Can you tell us more about that?

Knights of Originals, the SNL-type two-hour sketch comedy show, is a bi-yearly installment in the FHS ATA season. I was given the opportunity to direct the show the final semester of my senior year, and what an experience! To build an entire two-hour show with the collaboration of fourteen other members that share the same passion for entertainment as you do is an amazing experience to say the least.  Thankfully, I’m still in contact with a number of the friends from my two years in ATA from 2004-2005.

What made you pick Cal State Fullerton for your Theater Arts major and Radio-TV-Film minor? 

After completing two and half years at Santiago Canyon College, wanting to leave community college after getting all of my GEs out of the way, I applied to five different CSUs, since UCs don’t take Spring transfer applications, and got in to all five—Fullerton, Long Beach, San Francisco, East Bay, and Los Angeles. 

Good for you!! Why Fullerton over the other four?

Cal State Fullerton ended up being my school of choice after talking with some of the higher-ups in all five theater departments. I felt like I would get the best training for my career as an actor from the faculty and staff at Fullerton.  As much as I would have liked to leave Southern California for a simple change of scenery such as San Francisco or East Bay, Fullerton seemed to be the best fit for me at the time.  The fact that it was the closest school to my home in Tustin and that my father, Gary, received his BA in Business Administration from Cal State Fullerton both played small roles as well.

Ben as Georgie in Jesus Hates Me (Photo: Doug Catiller)

One of your biggest breaks so far has been your role in the West Coast Premiere of Wayne Lemon’s Jesus Hates Me, a part which had you speaking into an electronic voice synthesizer.  How hard was that role?

From specifically a vocal standpoint, it was pretty difficult. The electrolarynx I had to speak through is meant to take the place of a larynx in a person who no longer has the use of theirs or who has had it removed completely. Seeing as how I still have the full capacity to use my larynx, it was an interesting challenge for me.  

How long did it take to get you to the point that you could use it effectively? 

It took me roughly two or three weeks to be able to continually use the larynx with understandable diction. I would literally walk around my house attempting to talk through it and be understood. Needless to say, this drove my family crazy. (Having a buzzing noise constantly roaming the house would drive even the most sane person to insanity.)  Another problem came when we actually got into the space for performances.  Although there’s a volume switch on the device, projecting to the back row of a theater is impossible when breath is the only thing coming out of your mouth.  The design staff of Jesus Hates Me had to find a creative way for me to be able to be heard while making it sound like the noise was coming from me and not through the speakers of the theater. We taped a body mike to the inside collar of my shirt, and after figuring out how to limit the amount of buzz from the electrolarynx and reducing the feedback from the speakers and mike, went on with the show.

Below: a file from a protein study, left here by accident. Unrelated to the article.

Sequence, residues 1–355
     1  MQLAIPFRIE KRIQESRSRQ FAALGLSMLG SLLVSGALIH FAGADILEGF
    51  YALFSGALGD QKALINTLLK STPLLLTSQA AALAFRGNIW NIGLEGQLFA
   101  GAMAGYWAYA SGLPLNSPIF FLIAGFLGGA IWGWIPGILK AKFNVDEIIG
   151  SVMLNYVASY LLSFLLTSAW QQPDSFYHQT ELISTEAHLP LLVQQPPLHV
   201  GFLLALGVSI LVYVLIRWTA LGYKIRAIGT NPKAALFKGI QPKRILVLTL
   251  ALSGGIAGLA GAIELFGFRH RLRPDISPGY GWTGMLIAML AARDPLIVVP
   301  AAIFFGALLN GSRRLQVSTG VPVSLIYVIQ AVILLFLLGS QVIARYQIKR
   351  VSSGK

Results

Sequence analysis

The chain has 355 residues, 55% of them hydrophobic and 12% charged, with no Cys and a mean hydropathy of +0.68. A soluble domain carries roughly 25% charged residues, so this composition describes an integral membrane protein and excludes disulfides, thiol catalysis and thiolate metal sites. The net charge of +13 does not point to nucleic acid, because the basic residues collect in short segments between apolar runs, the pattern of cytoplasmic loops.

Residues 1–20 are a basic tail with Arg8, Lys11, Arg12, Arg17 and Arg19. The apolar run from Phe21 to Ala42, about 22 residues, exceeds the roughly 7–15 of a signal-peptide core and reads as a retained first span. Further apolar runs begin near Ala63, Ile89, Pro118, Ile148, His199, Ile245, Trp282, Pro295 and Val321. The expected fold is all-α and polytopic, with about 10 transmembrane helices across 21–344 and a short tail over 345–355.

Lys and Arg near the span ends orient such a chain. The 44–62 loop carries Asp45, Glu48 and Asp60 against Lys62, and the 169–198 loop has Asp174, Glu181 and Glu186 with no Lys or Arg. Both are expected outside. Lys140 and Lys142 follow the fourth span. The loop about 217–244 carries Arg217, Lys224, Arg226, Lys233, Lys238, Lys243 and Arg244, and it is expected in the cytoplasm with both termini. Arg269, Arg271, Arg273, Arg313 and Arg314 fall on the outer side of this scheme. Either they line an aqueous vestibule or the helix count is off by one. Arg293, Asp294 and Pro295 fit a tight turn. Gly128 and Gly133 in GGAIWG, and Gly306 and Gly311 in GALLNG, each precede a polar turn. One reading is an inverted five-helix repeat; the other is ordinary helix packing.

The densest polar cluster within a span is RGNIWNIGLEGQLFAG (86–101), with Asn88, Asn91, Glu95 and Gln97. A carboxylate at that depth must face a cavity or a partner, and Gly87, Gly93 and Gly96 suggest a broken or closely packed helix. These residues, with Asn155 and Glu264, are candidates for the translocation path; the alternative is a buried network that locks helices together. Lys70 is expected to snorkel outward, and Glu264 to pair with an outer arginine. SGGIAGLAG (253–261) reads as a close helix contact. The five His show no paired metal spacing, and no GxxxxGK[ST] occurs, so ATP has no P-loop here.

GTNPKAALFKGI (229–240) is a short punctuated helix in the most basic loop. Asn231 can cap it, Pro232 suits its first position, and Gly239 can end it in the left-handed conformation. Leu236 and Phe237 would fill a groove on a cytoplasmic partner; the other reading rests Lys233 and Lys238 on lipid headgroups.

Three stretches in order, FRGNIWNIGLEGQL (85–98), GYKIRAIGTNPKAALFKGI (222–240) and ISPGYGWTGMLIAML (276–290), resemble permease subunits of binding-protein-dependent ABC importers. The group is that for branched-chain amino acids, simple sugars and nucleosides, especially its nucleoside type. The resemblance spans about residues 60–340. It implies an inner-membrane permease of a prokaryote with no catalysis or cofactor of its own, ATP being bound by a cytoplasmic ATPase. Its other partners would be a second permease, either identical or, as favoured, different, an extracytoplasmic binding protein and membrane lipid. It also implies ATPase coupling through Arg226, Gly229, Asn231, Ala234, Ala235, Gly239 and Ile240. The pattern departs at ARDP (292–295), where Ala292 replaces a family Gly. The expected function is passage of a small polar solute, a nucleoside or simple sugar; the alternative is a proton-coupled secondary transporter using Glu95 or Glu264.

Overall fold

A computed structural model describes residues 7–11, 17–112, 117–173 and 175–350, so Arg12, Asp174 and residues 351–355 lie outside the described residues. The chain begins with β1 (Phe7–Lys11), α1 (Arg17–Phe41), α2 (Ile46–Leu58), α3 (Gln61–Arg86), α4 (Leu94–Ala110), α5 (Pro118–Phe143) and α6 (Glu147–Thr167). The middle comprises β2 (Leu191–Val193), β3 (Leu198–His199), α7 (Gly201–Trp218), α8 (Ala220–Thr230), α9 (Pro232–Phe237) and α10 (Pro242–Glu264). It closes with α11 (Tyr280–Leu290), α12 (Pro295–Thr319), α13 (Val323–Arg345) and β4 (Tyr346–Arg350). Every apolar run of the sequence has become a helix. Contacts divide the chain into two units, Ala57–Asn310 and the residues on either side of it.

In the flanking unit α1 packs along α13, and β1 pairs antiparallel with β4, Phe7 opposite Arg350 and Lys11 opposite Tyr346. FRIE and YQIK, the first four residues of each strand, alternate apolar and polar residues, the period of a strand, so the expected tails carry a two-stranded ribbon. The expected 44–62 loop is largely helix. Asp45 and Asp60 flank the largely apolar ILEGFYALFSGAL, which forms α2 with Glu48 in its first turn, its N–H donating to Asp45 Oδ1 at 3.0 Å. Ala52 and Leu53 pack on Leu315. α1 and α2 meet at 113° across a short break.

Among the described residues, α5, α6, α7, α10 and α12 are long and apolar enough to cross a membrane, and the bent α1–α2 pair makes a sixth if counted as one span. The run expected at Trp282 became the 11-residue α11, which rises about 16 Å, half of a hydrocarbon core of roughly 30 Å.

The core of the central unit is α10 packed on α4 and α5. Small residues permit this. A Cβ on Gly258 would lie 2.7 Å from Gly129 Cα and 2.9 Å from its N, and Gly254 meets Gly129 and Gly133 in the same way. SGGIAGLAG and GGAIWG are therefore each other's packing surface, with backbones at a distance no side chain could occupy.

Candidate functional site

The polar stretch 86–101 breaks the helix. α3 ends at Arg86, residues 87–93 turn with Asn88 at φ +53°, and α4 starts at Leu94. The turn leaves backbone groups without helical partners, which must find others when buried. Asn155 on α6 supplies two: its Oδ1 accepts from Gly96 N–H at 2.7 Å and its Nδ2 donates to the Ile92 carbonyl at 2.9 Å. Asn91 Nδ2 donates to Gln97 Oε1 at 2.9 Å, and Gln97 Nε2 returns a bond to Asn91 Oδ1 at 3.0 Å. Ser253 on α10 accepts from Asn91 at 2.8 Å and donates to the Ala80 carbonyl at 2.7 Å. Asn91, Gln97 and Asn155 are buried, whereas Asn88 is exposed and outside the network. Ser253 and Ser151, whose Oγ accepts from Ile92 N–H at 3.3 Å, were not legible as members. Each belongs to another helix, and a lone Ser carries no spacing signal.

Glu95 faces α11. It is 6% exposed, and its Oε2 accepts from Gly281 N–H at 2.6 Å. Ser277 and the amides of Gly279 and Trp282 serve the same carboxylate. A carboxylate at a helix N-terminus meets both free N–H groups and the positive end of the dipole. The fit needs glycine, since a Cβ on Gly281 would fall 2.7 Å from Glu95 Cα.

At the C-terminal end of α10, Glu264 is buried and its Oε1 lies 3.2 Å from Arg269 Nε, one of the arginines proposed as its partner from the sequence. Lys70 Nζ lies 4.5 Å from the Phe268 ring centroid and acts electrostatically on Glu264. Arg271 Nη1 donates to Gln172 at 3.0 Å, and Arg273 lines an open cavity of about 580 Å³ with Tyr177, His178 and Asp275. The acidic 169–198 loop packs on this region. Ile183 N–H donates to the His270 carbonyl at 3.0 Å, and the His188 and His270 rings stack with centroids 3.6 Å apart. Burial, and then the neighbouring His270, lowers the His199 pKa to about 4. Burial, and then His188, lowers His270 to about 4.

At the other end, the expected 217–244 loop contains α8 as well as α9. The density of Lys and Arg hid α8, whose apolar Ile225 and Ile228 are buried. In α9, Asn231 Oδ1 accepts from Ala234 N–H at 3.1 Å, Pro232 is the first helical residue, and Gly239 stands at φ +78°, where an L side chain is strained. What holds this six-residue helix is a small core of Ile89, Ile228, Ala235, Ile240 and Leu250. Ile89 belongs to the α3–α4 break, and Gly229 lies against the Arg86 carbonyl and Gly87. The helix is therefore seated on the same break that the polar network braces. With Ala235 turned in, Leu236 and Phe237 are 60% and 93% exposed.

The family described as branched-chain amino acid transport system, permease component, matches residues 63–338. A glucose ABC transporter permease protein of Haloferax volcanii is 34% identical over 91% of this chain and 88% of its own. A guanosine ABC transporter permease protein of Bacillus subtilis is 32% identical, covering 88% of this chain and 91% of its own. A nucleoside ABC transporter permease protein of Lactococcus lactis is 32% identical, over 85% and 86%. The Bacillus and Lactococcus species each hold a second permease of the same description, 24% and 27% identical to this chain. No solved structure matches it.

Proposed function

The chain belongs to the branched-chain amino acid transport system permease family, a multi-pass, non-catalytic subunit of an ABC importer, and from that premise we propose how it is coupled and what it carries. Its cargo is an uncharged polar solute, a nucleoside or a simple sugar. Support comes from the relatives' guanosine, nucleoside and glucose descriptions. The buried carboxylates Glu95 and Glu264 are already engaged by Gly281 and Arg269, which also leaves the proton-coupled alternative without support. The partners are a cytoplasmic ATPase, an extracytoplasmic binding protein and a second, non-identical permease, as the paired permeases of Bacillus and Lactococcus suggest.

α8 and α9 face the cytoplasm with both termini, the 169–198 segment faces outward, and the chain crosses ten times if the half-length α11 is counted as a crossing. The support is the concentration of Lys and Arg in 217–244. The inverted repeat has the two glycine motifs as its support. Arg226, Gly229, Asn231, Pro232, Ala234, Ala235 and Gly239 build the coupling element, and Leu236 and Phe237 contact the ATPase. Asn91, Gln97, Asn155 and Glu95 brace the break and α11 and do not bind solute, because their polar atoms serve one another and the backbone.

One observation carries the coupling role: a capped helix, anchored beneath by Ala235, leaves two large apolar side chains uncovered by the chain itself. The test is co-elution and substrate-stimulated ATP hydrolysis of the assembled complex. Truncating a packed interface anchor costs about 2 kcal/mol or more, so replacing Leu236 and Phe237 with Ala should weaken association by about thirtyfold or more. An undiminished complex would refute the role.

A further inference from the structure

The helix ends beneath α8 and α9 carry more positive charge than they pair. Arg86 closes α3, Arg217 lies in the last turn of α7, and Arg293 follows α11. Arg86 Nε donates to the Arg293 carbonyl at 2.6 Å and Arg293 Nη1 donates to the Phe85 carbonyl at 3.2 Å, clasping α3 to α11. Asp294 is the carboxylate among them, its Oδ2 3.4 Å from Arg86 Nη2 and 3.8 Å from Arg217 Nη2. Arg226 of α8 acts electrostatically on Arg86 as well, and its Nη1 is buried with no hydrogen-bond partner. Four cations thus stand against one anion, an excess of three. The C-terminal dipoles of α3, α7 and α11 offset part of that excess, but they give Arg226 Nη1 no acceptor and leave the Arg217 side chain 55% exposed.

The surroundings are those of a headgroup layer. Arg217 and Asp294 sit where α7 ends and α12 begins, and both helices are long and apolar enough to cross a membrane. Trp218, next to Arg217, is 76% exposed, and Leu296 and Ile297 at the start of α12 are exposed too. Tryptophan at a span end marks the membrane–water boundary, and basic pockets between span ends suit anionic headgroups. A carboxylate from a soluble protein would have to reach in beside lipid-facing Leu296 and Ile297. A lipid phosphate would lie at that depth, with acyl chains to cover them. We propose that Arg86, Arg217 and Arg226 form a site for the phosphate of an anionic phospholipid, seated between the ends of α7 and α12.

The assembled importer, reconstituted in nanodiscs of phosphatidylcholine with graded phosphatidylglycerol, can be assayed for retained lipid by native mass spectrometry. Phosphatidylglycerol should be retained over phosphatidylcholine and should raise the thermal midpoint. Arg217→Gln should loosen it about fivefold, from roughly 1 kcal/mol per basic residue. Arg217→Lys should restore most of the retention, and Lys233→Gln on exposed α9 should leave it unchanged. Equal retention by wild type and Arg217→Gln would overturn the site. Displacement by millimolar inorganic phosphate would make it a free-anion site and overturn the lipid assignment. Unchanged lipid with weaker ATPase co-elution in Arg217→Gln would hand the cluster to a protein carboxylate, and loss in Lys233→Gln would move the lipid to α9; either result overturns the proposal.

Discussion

How about challenges for you as an actor having to speak without your real voice?

The major problem came from the fact that I wasn’t able to express emotion through my voice because of the monotone production from the electrolarynx.  Luckily, director Oanh Nguyen was able to help me understand everything my character, Georgie, was going through, both mentally and physically. This attention to detail helped me convey emotion through my entire body and facial expression. Even if the words were, at times, not understandable, the audience could connect with Gerogie’s emotion and feelings through Oanh’s brilliant direction and my physicality.

Ben, Jennifer Ruckman, and Tanae Beyer with a poster for the Jesus Hates Me run at South Coast Repertory

I called your performance “heartbreakingly funny and touching” in my review, so I’d say you succeeded!  Continuing the Jesus Hates Me “saga,” not too long ago you got to reprise your role a year after the original production in a return engagement at none other than South Coast Repertory. How amazing (and unexpected) was that for you?

When I got the e-mail from Tanae Beyer, the stage manager of Jesus Hates M, in late September 2009 saying that South Coast Repertory had invited us to perform Jesus Hates Me in their Nicholas Studio at the end of February 2010, I immediately said yes.  Not knowing where I’d be five months later didn’t matter because it was South Coast Rep.  It was the biggest, and most unexpected, opportunity of my theater life.  There was no way I was going to miss a chance like that. When I heard, a month or two later, that the entire cast and crew were also on board, that sealed the deal.  When I did Jesus Hates Me at The Chance, I had the privilege of working alongside the most professional actors, managers, and directors that I have come across in my short-lived professional acting career. This was my first paying job, and it was to do something that I loved; I am forever grateful for both opportunities.

How about working in such a world-class theater environment?